Finishing points[edit]

Just a few things. I have cleaned up a couple of links to redirects and rephrased some stuff in places. The following remains: JFW | T@lk 23:31, 7 December 2013 (UTC)

  • The Kissell source (2003) is cited as a reference for occupational measures in dusty environments. There's currently a {{page needed}} tag that I cannot resolve (I managed two other ones). This should be sorted before GA.
Not the greatest ref. Replaced with two better ones. Doc James (talk · contribs · email) (if I write on your page reply on mine) 19:40, 8 December 2013 (UTC)
  • We speak little of the role of hospital admission, and "hospital at home schemes" and admission prevention programmes (run by "community matrons") currently very popular. Do the sources say anything about this?
Have added some info. Doc James (talk · contribs · email) (if I write on your page reply on mine) 21:38, 9 December 2013 (UTC)
  • Is Vestbo the only author of the GOLD document, or do we need to list other authors?
There are a bunch per page ii and iii. The person listed is the chair. How do you propose we ref this guideline? Doc James (talk · contribs · email) (if I write on your page reply on mine) 20:39, 9 December 2013 (UTC)
I'm not entirely sure how to attribute authorship of this resource, considering it is a consensus document. I don't know how medical journals refer to it. Does Rodriguez-Roisin (second signatory of the introduction) need attribution? I am happy to pass for GA without this being addressed. JFW | T@lk 21:43, 9 December 2013 (UTC)
Have all 50 names is simply too much IMO. Doc James (talk · contribs · email) (if I write on your page reply on mine) 21:55, 9 December 2013 (UTC)
Agree. Perhaps the first three and "et al", as we do with articles that have >5 authors in many articles? JFW | T@lk 22:13, 9 December 2013 (UTC)
  • In "society and culture", one of the sources has a {{page needed}} tag
Fixed sort of. Did not add this bit. Doc James (talk · contribs · email) (if I write on your page reply on mine) 19:52, 8 December 2013 (UTC)

Not sure why this bit was removed?[edit]

This is typically based on the FEV1 expressed as a percentage of the predicted "normal" for the person's age, gender, height and weight.[3]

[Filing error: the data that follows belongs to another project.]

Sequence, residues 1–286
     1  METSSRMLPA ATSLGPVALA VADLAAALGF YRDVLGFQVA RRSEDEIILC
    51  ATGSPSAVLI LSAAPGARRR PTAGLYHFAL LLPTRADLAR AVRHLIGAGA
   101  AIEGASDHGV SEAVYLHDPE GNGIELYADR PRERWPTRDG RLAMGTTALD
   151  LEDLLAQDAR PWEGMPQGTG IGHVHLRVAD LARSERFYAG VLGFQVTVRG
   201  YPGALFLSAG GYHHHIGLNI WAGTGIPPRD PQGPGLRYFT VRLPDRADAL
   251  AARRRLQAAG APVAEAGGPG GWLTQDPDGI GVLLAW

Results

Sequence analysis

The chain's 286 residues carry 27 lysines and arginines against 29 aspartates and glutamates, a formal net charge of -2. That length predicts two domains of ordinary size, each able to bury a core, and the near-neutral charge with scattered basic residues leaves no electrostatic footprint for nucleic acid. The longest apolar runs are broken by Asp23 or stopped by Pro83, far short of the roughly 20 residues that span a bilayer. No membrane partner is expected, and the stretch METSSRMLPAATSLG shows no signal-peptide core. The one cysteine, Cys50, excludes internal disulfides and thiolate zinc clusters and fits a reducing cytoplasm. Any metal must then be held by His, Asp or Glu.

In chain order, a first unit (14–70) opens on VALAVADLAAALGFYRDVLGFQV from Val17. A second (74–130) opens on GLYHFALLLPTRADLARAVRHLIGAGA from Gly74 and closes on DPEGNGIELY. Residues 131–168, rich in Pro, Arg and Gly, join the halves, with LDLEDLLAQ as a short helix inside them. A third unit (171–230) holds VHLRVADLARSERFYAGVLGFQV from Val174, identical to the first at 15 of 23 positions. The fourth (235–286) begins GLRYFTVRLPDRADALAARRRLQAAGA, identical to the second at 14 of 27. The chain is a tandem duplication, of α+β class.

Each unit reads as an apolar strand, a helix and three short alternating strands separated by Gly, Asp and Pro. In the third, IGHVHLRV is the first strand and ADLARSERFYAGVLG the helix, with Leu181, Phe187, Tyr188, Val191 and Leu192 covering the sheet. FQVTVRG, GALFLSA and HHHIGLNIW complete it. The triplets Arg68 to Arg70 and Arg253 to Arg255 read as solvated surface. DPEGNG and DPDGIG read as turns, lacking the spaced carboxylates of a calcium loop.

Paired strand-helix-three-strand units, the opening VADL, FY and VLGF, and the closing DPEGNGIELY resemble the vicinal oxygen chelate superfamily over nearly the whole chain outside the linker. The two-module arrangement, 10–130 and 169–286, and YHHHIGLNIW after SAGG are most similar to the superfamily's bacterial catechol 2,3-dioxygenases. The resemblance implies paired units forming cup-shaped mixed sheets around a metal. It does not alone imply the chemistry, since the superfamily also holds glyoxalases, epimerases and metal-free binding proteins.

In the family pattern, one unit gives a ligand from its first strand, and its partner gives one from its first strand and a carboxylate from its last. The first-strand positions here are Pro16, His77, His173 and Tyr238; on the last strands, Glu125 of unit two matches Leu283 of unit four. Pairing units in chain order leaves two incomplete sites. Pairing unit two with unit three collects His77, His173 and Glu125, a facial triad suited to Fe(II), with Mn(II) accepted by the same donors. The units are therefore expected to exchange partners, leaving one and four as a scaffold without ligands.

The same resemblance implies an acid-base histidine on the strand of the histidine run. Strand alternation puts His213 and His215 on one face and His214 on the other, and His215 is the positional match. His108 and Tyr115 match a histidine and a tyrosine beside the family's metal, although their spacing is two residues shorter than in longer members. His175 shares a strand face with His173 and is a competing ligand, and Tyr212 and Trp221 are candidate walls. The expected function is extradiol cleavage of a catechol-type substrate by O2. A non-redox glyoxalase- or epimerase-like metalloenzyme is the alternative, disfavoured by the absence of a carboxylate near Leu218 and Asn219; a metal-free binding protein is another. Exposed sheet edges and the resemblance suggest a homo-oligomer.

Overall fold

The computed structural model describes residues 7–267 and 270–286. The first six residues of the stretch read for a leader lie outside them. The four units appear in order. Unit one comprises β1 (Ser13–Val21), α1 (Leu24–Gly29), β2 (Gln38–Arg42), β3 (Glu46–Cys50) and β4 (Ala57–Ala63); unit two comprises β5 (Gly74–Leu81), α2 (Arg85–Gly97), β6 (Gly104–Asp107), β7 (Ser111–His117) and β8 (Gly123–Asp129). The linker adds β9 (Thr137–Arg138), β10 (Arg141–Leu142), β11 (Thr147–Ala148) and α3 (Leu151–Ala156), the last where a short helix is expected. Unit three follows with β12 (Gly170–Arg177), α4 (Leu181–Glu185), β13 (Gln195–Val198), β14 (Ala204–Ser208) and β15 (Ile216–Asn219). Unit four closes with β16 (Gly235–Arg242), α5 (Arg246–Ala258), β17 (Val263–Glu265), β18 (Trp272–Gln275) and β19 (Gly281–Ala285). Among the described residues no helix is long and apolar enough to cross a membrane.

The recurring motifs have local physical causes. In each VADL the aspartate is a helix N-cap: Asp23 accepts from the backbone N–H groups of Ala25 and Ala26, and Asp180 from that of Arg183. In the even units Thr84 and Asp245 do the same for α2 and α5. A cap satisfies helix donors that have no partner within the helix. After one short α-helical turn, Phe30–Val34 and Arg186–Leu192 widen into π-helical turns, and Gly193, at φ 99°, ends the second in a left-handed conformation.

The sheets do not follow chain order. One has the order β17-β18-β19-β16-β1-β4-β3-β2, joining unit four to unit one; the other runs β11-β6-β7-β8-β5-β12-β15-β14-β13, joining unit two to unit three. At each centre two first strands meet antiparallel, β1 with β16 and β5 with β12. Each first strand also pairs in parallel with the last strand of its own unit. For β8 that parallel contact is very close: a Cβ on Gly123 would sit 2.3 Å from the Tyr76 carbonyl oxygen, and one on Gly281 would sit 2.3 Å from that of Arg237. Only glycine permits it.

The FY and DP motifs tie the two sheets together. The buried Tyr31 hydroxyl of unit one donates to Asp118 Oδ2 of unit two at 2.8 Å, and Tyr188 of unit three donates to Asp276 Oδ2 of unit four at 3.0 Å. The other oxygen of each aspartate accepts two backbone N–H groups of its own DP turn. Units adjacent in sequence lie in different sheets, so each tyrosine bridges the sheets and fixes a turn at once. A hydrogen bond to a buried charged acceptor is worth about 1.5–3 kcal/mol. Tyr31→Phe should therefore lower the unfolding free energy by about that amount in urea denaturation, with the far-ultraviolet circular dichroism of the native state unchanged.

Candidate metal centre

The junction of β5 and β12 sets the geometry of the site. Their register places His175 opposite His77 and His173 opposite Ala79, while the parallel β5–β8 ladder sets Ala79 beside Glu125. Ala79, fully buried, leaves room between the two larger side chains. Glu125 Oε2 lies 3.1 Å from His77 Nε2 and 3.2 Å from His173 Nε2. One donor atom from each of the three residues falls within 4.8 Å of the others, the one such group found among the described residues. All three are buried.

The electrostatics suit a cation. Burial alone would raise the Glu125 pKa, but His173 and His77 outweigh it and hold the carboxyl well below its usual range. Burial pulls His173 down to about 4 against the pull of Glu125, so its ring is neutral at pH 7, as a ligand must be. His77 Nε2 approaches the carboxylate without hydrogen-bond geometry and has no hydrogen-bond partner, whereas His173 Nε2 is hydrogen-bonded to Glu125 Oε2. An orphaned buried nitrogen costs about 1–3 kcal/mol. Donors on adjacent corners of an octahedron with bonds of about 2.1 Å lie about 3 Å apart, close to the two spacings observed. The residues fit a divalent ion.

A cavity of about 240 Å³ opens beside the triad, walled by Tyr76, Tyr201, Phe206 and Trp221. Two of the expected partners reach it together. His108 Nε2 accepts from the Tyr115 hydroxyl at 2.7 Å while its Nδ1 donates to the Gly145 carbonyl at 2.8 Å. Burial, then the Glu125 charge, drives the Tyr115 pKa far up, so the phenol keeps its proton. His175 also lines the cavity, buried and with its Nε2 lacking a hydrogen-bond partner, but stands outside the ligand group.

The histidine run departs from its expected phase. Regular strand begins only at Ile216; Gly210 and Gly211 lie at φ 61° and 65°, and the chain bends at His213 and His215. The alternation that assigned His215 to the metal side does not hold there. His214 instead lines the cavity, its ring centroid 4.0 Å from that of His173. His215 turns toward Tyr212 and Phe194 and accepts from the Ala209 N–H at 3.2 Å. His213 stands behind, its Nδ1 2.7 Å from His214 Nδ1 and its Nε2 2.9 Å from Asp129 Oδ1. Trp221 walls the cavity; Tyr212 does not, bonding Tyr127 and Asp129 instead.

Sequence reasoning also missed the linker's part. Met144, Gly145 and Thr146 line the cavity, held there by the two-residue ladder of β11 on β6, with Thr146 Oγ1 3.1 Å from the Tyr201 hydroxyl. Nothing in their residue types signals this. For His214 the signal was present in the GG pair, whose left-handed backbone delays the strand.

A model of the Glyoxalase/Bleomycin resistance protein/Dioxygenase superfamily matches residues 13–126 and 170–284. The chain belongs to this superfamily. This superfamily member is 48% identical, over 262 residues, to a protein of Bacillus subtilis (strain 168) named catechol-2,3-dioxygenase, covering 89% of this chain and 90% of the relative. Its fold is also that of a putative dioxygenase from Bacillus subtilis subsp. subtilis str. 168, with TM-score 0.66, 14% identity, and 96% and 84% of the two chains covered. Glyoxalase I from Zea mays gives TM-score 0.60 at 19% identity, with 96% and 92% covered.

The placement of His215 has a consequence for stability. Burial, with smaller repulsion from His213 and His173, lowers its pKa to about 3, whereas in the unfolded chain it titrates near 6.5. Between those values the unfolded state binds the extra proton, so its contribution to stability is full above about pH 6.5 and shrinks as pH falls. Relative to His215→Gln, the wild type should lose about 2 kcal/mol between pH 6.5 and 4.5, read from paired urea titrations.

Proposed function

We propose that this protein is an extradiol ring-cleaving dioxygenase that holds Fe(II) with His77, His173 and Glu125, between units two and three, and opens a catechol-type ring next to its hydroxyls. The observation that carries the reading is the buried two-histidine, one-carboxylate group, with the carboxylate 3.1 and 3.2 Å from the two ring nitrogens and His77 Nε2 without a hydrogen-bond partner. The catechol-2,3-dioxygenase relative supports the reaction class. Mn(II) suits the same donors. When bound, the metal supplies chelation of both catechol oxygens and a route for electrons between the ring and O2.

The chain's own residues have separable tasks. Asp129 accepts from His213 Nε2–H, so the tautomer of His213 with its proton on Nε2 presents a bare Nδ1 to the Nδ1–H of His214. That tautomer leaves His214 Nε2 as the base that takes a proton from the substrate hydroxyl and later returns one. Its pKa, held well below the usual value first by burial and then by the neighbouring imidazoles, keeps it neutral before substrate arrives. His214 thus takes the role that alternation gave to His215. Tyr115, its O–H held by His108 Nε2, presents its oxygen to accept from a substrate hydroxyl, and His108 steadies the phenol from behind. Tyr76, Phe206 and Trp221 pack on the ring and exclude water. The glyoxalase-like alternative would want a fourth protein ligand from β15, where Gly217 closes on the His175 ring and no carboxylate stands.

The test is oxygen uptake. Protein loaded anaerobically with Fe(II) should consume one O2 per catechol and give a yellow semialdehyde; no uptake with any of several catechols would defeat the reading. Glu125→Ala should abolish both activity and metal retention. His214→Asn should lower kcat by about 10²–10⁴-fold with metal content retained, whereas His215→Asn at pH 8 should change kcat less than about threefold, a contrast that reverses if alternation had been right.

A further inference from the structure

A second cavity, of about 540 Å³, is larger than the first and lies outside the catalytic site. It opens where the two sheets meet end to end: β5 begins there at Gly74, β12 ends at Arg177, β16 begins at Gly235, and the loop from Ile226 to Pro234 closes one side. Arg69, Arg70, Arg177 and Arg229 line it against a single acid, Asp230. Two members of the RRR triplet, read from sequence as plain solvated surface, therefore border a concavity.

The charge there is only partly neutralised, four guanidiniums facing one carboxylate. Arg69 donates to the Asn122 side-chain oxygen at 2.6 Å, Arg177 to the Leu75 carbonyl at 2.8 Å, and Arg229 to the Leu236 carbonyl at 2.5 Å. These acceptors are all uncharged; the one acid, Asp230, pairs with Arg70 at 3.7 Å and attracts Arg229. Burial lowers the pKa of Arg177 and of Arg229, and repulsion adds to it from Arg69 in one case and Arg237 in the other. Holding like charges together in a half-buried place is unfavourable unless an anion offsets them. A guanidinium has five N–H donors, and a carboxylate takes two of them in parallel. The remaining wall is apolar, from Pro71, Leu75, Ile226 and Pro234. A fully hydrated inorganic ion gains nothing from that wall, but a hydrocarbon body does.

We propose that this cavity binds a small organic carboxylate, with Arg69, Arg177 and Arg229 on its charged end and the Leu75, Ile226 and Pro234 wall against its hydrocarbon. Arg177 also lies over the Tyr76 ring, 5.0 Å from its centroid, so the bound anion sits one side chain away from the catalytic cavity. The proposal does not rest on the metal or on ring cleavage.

Doc James (talk · contribs · email) (if I write on your page reply on mine) 22:48, 5 December 2013 (UTC)

It struck me as redundant with everything that was already discussed in the previous section (about spirometry). Perhaps it needs to be moved. JFW | T@lk 21:03, 7 December 2013 (UTC)
From my understanding the FEV1 percentage of normal is used to determine severity while the diagnosis is FEV1/FVC<0.7. Slightly different. Doc James (talk · contribs · email) (if I write on your page reply on mine) 00:30, 8 December 2013 (UTC)
I had a closer look, and I agree that the sentence is needed for the rest to make sense. I've put it back. JFW | T@lk 07:21, 8 December 2013 (UTC)

Bullous emphysema[edit]

I have come across bullous emphysema in an accident report of 1952 (see Easington_Colliery#Men) which is (apparently) "distension of the air sacs to blister like formations on the surface of the lungs". In the case I am researching a man suffered a rupture of a bulla leading to a partial collapse of the lung. [[emphysema]] leads here, and yet as a non-medical reader (WP:RF) I can find no mention of this form. If the old bullous emphysema is a form of COPD perhaps a sentence or two could be added. If it is classified differently today then could someone add an appropriate hat note please. Thanks, Martin of Sheffield (talk) 21:02, 4 May 2014 (UTC)

This is simply emphysema with bullae. We mention in the article and have pictures. Doc James (talk · contribs · email) (if I write on your page reply on mine) 21:04, 4 May 2014 (UTC)

September 11 attacks aftermath[edit]

I'm a casual Wikipedia user, so forgive me if this is way off base. The article quotes "The number of deaths is projected to increase due to higher smoking rates and an aging population in many countries", should we also mention the increasing amounts of COPD due to surviving the 9/11 attacks? I just feel like it could be a good addition.

2605:A601:287:B301:99CA:9B8D:51CC:704B (talk) 17:23, 7 May 2014 (UTC)

To include this, we would need a very strong secondary source. It bears remembering that "only" at most 100,000 people were exposed to the fumes, which pales in comparison to those exposed to cigarette smoke and smoke from indoor domestic fires. JFW | T@lk 18:03, 7 May 2014 (UTC)

Refs[edit]

Need page number for the book

"In 1953, Dr. George L. Waldbott, an American allergist, first described a new disease he named "Smoker's Respiratory Syndrome" in the 1953 Journal of the American Medical Association. This was the first association between tobacco smoking and chronic respiratory disease. [4][5]"

Doc James (talk · contribs · email) (if I write on your page reply on mine) 01:35, 20 September 2014 (UTC)

Page 6.-gadfium 03:10, 20 September 2014 (UTC)